My Thoughts – Yes There Is A Lot Of Hypocrisy Going On, But Unethical Behavior Is Still Wrong

As a preliminary matter, I think official bar sanctions against this contract attorney would be perfectly warranted if the facts are found to be true. If the allegations are verified and confirmed, it’s difficult to offer him much sympathy due to the specifics of the facts, although I personally feel the case should have been resolved internally. He allegedly overbilled by more than 84 hours in a 2 week period! We’re not talking about tacking on a lazy 1 hour or rounding up to the next 30 minute mark every day. The attorney overbilled by more than 10 full working days, an astonishing number. Calling him a modern day Robin Hood because he robbed from the rich (big firms and agencies) to pay the poor (um, himself?) is a tad misguided. We can find better ways to boost the wage rate and increase project compensation than performing such unethical activity. It’s not that I’m preaching against such activity, I just feel such activity undermines our objectives completely and only serves to make contract attorneys look even worse than some already view us.

However, I’m curious as to what motivated the Illinois State Bar to tackle on this particular case when there are much bigger fish to fry among the denizens of the large law firms where overbilling is a frequent way of life. For example, I’m currently on one of those projects that keeps getting dragged out with little end in sight. After a few conversations with the managing associates, it seems the law firm partners are in no hurry to rush the case so long as they can continue raking in the billable hours. I got the unspoken vibe from the associate that she had no problem with us dragging out our review and continuing to let the firm bill the client, a company that has continued to pay its legal fees without much protest.

If the various state bars wanted to tackle this growing billable hour inflation issue, rather than going after contract attorneys, their resources would be better served going after the chief operators, the law firm partners and senior associates that cave to the pressure of generating billable hours and profits. There is truly a lot of strange hypocrisy going on today in the legal world where deceptive markup practices are prevalent, but its members still talk about fair compensation and billing. While contract attorneys like myself are sometimes offered little in terms of professional movement and prestige – having to fight and scrape for every project and permanent offer opportunity, we are still expected to abide by the high strict standards of professional conduct among full fledge attorneys.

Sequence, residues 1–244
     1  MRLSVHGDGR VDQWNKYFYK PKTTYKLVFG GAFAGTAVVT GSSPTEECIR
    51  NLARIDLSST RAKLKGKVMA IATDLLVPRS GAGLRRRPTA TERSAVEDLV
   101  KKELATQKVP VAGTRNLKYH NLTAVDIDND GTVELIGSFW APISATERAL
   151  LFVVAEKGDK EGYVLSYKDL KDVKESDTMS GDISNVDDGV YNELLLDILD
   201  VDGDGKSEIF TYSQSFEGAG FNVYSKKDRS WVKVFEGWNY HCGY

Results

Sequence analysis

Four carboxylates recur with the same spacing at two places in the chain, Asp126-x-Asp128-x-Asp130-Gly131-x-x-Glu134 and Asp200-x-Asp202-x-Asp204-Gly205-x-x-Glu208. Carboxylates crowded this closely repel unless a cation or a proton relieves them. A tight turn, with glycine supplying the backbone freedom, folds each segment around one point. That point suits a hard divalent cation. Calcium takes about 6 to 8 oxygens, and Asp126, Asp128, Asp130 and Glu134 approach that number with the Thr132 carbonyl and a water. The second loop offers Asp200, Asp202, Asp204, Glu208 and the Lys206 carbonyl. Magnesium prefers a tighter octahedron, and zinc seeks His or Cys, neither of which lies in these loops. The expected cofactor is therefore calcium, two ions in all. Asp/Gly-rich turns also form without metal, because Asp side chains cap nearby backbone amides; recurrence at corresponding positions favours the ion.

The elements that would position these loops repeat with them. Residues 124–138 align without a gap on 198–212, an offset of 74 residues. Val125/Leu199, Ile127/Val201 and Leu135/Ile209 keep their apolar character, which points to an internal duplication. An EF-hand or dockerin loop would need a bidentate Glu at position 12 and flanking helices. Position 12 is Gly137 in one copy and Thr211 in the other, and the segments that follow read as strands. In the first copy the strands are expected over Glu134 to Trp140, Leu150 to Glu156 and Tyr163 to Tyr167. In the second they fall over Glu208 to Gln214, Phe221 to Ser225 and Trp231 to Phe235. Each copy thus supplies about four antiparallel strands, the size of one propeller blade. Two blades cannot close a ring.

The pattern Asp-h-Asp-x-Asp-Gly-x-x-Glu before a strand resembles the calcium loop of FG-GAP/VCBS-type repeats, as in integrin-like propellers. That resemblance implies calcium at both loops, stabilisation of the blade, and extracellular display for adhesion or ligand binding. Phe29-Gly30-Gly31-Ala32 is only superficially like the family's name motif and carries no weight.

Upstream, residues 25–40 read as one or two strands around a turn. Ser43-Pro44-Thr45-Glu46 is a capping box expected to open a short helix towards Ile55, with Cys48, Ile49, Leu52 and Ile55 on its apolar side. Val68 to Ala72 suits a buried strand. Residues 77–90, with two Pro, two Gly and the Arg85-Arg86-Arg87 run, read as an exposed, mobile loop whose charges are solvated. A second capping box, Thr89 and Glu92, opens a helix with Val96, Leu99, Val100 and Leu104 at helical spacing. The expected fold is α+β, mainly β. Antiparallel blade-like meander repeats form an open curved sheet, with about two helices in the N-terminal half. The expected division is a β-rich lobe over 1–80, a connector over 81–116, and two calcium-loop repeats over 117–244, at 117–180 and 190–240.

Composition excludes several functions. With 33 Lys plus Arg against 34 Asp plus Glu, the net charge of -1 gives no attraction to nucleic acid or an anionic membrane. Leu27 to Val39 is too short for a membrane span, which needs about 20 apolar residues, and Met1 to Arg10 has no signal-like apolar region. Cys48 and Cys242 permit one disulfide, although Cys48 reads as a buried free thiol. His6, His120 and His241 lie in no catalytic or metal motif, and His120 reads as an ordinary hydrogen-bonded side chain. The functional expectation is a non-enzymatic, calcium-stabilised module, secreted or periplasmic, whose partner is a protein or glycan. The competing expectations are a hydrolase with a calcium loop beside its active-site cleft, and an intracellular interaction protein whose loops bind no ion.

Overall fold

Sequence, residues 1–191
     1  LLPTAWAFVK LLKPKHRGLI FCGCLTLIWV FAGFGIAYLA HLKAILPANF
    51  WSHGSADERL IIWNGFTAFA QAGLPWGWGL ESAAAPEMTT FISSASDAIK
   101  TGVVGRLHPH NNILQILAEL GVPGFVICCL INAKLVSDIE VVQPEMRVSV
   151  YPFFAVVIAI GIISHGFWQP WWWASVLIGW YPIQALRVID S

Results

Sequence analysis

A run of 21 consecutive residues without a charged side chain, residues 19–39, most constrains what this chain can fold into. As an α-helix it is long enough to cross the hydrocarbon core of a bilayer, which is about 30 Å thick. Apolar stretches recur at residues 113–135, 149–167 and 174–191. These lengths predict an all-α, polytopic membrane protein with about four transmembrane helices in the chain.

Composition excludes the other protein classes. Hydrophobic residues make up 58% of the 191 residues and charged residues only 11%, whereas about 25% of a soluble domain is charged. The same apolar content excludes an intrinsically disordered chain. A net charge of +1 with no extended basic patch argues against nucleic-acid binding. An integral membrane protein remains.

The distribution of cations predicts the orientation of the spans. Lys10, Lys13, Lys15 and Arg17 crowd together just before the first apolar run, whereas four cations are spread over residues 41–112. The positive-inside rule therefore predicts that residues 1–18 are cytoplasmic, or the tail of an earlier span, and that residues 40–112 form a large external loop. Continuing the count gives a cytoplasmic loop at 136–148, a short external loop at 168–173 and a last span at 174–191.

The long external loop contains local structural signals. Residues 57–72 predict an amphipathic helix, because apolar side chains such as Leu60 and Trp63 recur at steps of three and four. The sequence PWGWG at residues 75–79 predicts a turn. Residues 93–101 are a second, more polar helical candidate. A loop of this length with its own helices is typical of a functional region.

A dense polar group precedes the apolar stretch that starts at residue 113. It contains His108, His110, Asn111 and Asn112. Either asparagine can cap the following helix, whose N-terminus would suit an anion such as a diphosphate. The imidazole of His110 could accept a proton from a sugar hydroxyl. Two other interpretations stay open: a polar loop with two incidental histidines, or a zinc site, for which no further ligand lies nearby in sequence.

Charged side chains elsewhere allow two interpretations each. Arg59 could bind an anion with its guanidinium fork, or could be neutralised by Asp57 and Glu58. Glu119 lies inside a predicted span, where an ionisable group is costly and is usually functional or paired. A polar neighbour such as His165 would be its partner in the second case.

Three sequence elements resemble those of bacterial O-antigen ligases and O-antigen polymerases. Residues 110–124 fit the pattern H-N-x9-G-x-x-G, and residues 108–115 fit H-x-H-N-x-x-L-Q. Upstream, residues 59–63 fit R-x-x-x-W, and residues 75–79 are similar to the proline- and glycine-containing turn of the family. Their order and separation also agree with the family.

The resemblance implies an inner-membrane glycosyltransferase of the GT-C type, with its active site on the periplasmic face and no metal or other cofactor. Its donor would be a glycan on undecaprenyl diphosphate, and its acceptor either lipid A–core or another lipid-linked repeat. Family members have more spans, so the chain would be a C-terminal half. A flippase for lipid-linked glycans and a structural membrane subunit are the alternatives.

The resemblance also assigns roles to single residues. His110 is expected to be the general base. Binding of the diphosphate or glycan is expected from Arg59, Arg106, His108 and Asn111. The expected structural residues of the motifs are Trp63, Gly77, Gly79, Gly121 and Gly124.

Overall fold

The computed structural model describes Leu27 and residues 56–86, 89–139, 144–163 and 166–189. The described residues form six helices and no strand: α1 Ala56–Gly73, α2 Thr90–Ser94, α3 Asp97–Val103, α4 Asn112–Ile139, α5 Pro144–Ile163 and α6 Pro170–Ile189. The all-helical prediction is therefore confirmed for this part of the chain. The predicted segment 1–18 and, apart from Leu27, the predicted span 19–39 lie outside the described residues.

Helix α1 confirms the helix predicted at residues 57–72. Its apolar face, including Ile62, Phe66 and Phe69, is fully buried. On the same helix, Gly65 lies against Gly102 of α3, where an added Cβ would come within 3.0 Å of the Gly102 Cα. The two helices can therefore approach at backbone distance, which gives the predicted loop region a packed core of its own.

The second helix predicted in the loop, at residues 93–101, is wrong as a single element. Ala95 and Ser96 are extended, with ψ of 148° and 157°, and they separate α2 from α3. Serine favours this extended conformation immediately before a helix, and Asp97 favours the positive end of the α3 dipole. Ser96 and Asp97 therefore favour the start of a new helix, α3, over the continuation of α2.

Articles like the ones discussed help to serve as eye openers for contract attorneys. Document review programs do use sophisticated metrics to track worker productivity and usage statistics, so if the firm wanted to, it could certainly verify the accuracy of billable hours. If you do things like round up your hours, it’s important to at least be cognizant that there is indeed a digital trail that is retained. Most cases do seem to go unnoticed, but outrageous violations are bound to be caught – such as the story of this one guy who decided to straddle two different staffing agencies that were staffing the same project. He somehow ended up being separately assigned to the same project location by two different agencies who were unaware that the other agency was also staffing him. The contract attorney ended up collecting two pay checks for some time but was eventually busted. I don’t think bar sanctions were levied but he was summarily let go. Fortunately for him, he was not working or barred in the state of Illinois.